We continue our 2020 Oscars predictions series, having offered our thoughts on the Best PictureBest Director and Best Actress categories.

Last but not least, we look at the nominees for Best Lead Actor at the Oscars. In case you need a refresher, the category includes Antonio Banderas for 'Pain and Glory'; Leonardo DiCaprio for 'Once Upon a Time in Hollywood'; Adam Driver for 'Marriage Story'; Joaquin Phoenix for 'Joker'; and Jonathan Pryce for 'The Two Popes'.

'Pain and Glory' sees Banderas reunite with Pedro Almodovar, the director who helped jump-start the actor's career in the 80s. Many will likely recognise Banderas for his 90s work like 'Desperado' or 'Zorro', or family series 'Shrek' and 'Spy Kids'. But Banderas, who turns 60 this year, has more than proven himself more than worthy. In 'Pain and Glory', he aptly captures something of a reflective role as Salvador Mallo, a director in his decline. It's the first time he has ever been nominated for an Oscar, and the Spanish language drama is up for Best International Feature at the Oscars too. While Banderas is good, the question of is he good enough to beat these heavyweights is probably no.

Next we come to Jonathon Pryce, who gives a heartwarming, enlivening, humorous and sharp performance as Pope Francis. Pryce's career has been an impressive one between 'Brazil', 'Evita', 'Pirates of the Caribbean' and 'Game of Thrones'. In this writer's opinion though, Netflix made one big misstep in putting Pryce forward in this category. 'The Two Popes' is really a two-hander between Pryce and Anthony Hopkins, who plays Pope Benedict XVI. Hopkins is in fact credited first and yet he's up for best supporting actor while Pryce is up for lead. It's a shame because Pryce could have had a strong shot at the gong in the best supporting actor category (though he would've had to contend with Brad Pitt in 'Once Upon a Time in Hollywood', admittedly). But Pryce doesn't really stand a chance here.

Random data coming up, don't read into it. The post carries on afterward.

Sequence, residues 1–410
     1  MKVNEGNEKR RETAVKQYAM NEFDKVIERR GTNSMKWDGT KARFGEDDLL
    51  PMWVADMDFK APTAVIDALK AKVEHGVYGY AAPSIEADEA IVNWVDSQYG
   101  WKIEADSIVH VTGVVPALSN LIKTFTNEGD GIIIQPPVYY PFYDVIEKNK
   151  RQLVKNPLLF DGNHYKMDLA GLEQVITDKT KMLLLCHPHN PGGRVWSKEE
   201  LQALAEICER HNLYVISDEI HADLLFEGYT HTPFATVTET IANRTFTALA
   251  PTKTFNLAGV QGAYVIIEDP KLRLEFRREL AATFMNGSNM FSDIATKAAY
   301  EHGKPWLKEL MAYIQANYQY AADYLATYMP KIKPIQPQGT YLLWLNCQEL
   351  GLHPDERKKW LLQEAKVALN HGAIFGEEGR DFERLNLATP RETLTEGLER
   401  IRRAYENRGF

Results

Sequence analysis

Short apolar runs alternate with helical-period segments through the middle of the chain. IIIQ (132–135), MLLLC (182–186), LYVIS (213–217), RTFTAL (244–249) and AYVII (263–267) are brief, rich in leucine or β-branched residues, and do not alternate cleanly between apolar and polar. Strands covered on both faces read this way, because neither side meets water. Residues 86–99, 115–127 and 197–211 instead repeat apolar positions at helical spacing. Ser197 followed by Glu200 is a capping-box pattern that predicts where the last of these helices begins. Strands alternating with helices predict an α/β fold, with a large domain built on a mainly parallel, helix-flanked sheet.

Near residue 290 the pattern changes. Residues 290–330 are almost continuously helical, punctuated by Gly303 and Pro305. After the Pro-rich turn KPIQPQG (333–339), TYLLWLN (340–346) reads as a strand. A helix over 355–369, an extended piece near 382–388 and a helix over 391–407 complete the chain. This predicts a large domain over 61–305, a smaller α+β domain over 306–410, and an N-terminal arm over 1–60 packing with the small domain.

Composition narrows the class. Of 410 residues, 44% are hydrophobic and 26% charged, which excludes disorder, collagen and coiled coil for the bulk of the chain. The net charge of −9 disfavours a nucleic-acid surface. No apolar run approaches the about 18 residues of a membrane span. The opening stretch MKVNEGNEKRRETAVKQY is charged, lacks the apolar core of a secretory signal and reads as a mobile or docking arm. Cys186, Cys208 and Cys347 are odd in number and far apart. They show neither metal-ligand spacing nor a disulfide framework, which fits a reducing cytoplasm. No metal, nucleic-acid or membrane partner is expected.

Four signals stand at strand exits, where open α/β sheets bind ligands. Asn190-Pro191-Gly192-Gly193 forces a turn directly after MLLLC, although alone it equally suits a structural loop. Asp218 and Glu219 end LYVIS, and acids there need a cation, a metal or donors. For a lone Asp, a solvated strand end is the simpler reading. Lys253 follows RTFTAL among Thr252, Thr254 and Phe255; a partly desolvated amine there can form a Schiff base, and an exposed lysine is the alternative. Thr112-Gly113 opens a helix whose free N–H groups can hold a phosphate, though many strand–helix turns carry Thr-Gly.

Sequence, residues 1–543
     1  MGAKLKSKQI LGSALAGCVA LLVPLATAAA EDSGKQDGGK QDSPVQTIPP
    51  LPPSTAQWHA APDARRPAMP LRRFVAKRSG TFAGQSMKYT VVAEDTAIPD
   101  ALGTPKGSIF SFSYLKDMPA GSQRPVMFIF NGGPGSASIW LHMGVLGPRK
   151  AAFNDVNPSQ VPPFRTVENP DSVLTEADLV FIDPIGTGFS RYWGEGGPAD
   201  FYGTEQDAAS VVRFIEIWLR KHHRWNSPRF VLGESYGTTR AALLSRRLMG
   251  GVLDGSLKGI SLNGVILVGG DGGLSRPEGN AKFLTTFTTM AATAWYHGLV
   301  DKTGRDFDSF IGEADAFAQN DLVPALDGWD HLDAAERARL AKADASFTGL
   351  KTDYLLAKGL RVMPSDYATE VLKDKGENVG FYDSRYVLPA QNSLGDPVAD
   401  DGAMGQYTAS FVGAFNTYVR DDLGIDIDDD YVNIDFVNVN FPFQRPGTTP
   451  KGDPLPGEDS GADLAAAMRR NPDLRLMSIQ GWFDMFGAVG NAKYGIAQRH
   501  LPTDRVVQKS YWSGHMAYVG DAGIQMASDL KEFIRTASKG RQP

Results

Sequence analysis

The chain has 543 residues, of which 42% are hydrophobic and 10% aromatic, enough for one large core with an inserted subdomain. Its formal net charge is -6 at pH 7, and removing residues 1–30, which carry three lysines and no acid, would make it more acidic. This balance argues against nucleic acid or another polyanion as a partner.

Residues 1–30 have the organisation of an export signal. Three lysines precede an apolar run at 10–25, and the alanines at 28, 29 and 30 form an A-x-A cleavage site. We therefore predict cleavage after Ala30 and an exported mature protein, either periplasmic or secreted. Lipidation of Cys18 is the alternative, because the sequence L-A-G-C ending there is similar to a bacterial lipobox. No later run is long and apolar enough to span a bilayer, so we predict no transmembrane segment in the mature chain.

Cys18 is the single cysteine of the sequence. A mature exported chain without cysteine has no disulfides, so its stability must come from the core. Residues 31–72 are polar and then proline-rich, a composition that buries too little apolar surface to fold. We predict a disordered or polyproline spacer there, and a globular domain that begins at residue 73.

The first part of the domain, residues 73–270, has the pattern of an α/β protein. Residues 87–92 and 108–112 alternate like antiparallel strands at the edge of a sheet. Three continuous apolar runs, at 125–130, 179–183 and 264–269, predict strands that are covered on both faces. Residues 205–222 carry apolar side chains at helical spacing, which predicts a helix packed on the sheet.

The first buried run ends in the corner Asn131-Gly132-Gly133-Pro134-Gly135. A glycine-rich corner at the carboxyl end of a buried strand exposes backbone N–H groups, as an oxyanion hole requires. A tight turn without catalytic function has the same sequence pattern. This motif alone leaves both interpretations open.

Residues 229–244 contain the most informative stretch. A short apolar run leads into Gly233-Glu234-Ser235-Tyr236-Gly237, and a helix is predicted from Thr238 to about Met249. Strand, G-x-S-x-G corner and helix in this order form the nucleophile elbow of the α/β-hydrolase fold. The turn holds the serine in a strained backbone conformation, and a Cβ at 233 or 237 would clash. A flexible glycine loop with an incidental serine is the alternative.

Speaking of 'Once Upon a Time in Hollywood', you've a similar case with Pitt and Leonardo DiCaprio in that they're interchangeable as lead or supporting actor in the Quentin Tarantino movie. But in this case, the latter did have top billing. DiCaprio's best work with Tarantino to date remains 'Django Unchained', even with the depth and range he brings to the character of flailing actor Rick Dalton. More to the point, Leo got his Oscar (FINALLY!) in 2016 for 'The Revenant'. And since he didn't go as far as getting mauled by a bear in this one, he'll likely be glossed over.

Adam Driver could very well prove a dark horse for Best Lead Actor at the Oscars. In Charlie Baker, a self-centred and sometimes cruel character, Driver brings sympathy and a deep-felt sense of humanity. His character gets more screen time than Nicole, played by Scarlett Johansson. But Driver also has the tougher job since Charlie is so unlikable. 'Marriage Story' will likely take home a few gongs, such as best original screenplay and supporting actress for Laura Dern. But Driver, who last year was nominated for best supporting actor for 'BlackKklansman', has one man standing in his way.

Joaquin Phoenix is the clear favourite to win best actor at the Oscars. Phoenix has led an incredible career and been nominated at the Academy Awards four times ('Gladiator', 'Walk the Line', and 'The Master', previously) for his work. Is his titular role in 'Joker' the performance of his career? That's hard to say, as there have been so many phenomenal ones. But it is a worthy Oscar-winning performance as it captures the tragedy, pathos and horror of a man with a serious mental condition, who turns into a violent, radicalist murderer and, scariest of all, a leader.

It's a powerful, moving and unsettling performance that speaks to the top standard of acting in Hollywood today. Thus Phoenix should win. But is it at all possible that in spite of leading the Oscar nominations (with 11 in total), 'Joker' could prove too uncomfortable for Oscar voters to put on a pedestal? It's not implausible.